How to Choose the Right Beard Grooming Kit

Beards are back in, and it’s about time. Over the past decade, facial hair has been at the forefront of men’s style, with everything from the precision-groomed chin-strap to the full on mountain-man mane adorning the faces of athletes and celebrities.

Growing a beard is one of the best ways to customize your look and really show off your personality. But while letting that face-fuzz fly might be a little less maintenance than a close daily shave, all beards big and small are going to require some TLC.

A quick Google on beard care can throw you enough information to make your stubbled jaw drop -- with combs and lotions, clippers and potions, where do you even start? Whether you’re going for a goatee or a Gandalf, our quick guide will help you to choose or assemble a beard grooming kit to suit your needs.

Beard Grooming Hardware:

Whether you’re buying one of the many pre-packaged kits out there or customizing your own toolkit, a good beard grooming kit will contain both gear for managing your beard and products to maintain it. Here are some of the most essential tools.

BEARD BRUSHES: If you’re planning to grow your beard longer than a couple of centimeters, a brush or comb will be an essential weapon in your grooming arsenal. Shorter or finer beards will do better with a comb, whereas a brush is ideal for a dry or bushy beard.

Not only will brushing or combing your beard remove any tangles, it can make your beard softer and even look longer. Brushing your beard brings your skin’s natural oils in contact with your facial hair, conditioning your whiskers in the process. Plus, it’s great to help remove the dreaded ‘beardruff’ (which is exactly what it sounds like -- dandruff for your beard) and reduce itching.

BEARD TRIMMERS

Even the longest beards need a little trim around the edges to keep those flyaway ends in shape, and a good electric beard trimmer is by far the quickest way to get the job done. Electric trimmers are particularly good for short beards -- while a barber’s scissors might be a good way to keep a Viking-inspired number in shape, trimming a closer beard by hand can be time-consuming.

You’ll need to do some research to find the right beard trimmer for you, but generally, the more length settings and accessories, the better. You never know when you might want to switch it up!

T-OUTLINER BLADE OR PRECISION TRIMMER:

T- outliner blades are a subspecies of beard trimmers, but they definitely deserve their own entry. A real must for those looking for well-manicured moustaches or goatees, the T-shape of the blade allows for very precise styling.

YOUR FAVOURITE RAZOR

It goes without saying that most men’s facial hair doesn’t quite follow a predetermined outline, and you’ll probably need to shave at least your neck and maybe some parts of your face. There are almost as many ways to shave as there are to grow a beard, but whether you prefer a high tech electric shaver or the dapper craftsmanship of a cutthroat, you’ll need a razor in your toolkit.

BARBER’S SCISSORS

Trimmer technology has come a long way, but in some scenarios only a good pair of scissors will do. Many men won’t trust the finer art of mustache styling to a machine, some trimmers will get clogged with longer hair, and if your hand tends to shake, you could lose half your beard in one second.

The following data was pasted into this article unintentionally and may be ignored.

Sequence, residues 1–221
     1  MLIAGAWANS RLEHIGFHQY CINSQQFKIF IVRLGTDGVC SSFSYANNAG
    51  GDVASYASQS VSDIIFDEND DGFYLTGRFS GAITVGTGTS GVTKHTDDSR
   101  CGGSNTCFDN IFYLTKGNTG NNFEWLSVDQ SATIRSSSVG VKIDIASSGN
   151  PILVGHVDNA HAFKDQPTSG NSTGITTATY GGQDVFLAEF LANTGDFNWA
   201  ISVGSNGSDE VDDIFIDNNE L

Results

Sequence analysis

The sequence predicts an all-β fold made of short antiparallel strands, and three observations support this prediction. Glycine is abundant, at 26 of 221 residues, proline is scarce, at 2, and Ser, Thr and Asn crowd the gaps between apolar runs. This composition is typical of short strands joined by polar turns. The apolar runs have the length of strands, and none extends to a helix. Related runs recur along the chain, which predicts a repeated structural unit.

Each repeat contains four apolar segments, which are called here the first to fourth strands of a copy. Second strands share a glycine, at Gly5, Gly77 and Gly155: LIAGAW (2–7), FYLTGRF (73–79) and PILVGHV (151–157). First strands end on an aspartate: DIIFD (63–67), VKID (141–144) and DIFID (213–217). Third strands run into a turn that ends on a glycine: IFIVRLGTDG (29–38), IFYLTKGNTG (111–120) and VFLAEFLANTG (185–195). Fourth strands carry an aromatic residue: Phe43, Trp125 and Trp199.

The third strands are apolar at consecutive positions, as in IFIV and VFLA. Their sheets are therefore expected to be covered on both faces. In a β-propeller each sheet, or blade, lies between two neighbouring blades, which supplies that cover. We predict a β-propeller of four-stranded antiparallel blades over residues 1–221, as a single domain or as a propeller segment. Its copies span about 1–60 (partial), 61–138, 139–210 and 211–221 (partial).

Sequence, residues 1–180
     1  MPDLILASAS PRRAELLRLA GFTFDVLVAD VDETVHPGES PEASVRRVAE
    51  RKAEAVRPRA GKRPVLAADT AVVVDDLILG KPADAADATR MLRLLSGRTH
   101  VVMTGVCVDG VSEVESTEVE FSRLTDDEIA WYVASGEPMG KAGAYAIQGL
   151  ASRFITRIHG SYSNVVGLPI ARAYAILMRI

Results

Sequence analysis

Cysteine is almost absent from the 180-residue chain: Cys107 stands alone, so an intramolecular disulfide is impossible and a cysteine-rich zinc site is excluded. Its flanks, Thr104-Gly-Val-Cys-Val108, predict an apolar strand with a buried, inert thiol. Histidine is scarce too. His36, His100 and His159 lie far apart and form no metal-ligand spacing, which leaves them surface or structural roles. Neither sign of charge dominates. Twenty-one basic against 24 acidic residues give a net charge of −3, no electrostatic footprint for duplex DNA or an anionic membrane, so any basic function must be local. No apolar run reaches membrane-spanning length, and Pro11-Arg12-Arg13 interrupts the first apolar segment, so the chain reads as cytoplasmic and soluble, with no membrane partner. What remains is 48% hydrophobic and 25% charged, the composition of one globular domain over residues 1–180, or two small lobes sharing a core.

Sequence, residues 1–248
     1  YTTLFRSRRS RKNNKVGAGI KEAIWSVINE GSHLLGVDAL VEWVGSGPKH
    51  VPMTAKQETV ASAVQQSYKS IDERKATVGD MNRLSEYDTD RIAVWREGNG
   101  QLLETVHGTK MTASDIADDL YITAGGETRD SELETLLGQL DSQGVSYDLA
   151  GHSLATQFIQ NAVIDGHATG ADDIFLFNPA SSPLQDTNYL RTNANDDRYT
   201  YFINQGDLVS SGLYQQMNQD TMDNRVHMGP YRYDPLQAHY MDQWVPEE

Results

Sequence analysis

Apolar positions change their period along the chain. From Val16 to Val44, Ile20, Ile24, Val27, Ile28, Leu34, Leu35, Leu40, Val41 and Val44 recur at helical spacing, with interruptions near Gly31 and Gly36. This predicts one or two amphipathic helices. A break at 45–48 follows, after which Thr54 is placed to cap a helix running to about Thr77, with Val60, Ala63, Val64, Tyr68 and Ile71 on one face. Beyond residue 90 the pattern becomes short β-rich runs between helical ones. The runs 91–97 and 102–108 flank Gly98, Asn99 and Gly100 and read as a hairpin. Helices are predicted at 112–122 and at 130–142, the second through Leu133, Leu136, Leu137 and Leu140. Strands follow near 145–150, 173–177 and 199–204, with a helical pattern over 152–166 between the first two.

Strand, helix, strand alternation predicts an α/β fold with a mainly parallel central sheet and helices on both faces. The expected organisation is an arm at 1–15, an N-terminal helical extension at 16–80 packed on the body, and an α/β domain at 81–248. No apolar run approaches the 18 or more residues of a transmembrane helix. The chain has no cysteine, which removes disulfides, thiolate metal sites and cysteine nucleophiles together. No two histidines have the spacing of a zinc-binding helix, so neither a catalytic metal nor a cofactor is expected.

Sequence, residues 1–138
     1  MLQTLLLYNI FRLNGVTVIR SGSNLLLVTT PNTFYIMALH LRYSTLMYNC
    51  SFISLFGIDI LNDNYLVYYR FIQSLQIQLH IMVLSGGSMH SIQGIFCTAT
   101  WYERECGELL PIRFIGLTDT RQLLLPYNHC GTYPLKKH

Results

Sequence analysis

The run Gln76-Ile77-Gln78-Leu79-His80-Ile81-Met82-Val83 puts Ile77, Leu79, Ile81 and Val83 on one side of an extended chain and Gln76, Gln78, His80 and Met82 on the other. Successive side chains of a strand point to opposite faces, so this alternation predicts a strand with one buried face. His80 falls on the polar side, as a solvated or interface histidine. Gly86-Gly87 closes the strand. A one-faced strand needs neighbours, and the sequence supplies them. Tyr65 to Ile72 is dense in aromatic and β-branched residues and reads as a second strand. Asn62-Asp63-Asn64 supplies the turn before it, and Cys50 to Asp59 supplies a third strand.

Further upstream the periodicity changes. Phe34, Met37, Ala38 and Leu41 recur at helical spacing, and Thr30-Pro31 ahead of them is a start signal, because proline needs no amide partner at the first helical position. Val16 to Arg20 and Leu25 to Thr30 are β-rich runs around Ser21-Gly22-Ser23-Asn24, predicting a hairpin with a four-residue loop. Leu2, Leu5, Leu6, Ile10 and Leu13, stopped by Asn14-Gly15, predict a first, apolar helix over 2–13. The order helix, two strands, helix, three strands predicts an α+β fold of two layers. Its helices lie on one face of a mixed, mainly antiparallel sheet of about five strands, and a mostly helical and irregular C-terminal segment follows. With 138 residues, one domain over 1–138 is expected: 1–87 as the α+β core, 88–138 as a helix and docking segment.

When selecting a scissors to do away with those split ends (which are a guaranteed path to a dry and wild beard), be sure to select for higher quality steel and a size you find easy to handle. You can generally go up as far as seven inches, with smaller sizes for moustache trimming, but five is a good size to start off with.

Product

Before we begin -- if you’re buying a pre-packaged beard grooming kit, pay attention to the fragrances and oils used in the product, particularly if you have sensitive skin. It doesn’t matter if the hardware is fantastic if the product sets your face aflame.

BEARD SHAMPOO: You wash the hair on your head, so why should your beard be any different? Ever seen those ads for carpet cleaner, where a microscopic zoom shows that that supposedly clean rug isn’t so clean at all?

Beards can trap whatever particles are floating around in the air around you. High pollen count? It’s in your beard now. Excessive air pollution or dust? Stuck in the beard, baby.

But why use a specialised beard shampoo? Most higher quality products will stop your beard looking oily or matted or smelling, but unlike regular shampoo, they won’t strip the oils out and leave your facial hair looking coarse or brittle.

This doesn’t mean you should skip out on a beard oil or balm, but you’ll definitely use less of those in the long run. Beard shampoos are available in both bar and liquid form. You should use them with the same frequency you would use normal shampoo -- every day to every second day.

BEARD OIL: Remember the dreaded beardruff? Flaky dead skin on the front of your shirt is not a good look, and beard oil is your best defence against that unsightly mess. If you’ve just started growing a beard, it won’t be long before you realise that it can itch like crazy as it comes in, and beard oil is great for soothing your skin, too.

A beard oil is a mixture of a carrier oil like coconut, argon or jojoba and essential oils like lemon, mint or sandalwood. If fragrances set off your sensitive skin, don’t worry -- there are plenty of specially formulated products on the market.

Work the oil in with your brush every couple of days for a softer, less itchy and less brittle beard.

BEARD BALM: Beard balm isn’t as popular a product as beard oil, but it really should be. Balm is super versatile, and great for conditioning and styling. Plus, it’s not nearly as messy as beard oil!

Beard balm is a combination of a natural wax (usually beeswax), natural butters like shea or cocoa butter, and essential oils to top in all off and give the product a nice, manly smell. The butter and oil conditions your beard, while the wax gives a subtle shape and hold.

Like the oil, beard balm can be applied every couple of days in conjunction with a comb, and it’s even better for combating itching. However, without careful combing, it can catch beardruff and other dirt particles -- this stuff can be sticky.

BEARD WAX: Ideal for more manicured styles, beard wax is a combination of beeswax and essential oils designed to hold those hairs in place. Unlike beard balm, it won’t condition your beard, and a little goes a long way.